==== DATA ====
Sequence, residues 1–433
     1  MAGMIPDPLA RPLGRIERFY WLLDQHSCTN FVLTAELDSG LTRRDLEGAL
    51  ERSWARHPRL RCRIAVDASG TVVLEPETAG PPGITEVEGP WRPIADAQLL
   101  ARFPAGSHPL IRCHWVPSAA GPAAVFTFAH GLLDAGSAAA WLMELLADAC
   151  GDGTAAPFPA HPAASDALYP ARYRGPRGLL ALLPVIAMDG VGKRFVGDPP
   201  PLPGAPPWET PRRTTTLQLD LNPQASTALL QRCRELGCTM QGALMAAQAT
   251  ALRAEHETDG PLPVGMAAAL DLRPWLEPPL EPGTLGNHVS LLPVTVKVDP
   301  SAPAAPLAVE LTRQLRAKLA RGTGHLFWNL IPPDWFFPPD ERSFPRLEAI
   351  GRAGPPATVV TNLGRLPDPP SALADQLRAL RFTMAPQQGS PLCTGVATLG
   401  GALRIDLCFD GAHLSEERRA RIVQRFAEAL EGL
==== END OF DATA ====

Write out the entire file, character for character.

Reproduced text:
Sequence, residues 1–433
     1  MAGMIPDPLA RPLGRIERFY WLLDQHSCTN FVLTAELDSG LTRRDLEGAL
    51  ERSWARHPRL RCRIAVDASG TVVLEPETAG PPGITEVEGP WRPIADAQLL
   101  ARFPAGSHPL IRCHWVPSAA GPAAVFTFAH GLLDAGSAAA WLMELLADAC
   151  GDGTAAPFPA HPAASDALYP ARYRGPRGLL ALLPVIAMDG VGKRFVGDPP
   201  PLPGAPPWET PRRTTTLQLD LNPQASTALL QRCRELGCTM QGALMAAQAT
   251  ALRAEHETDG PLPVGMAAAL DLRPWLEPPL EPGTLGNHVS LLPVTVKVDP
   301  SAPAAPLAVE LTRQLRAKLA RGTGHLFWNL IPPDWFFPPD ERSFPRLEAI
   351  GRAGPPATVV TNLGRLPDPP SALADQLRAL RFTMAPQQGS PLCTGVATLG
   401  GALRIDLCFD GAHLSEERRA RIVQRFAEAL EGL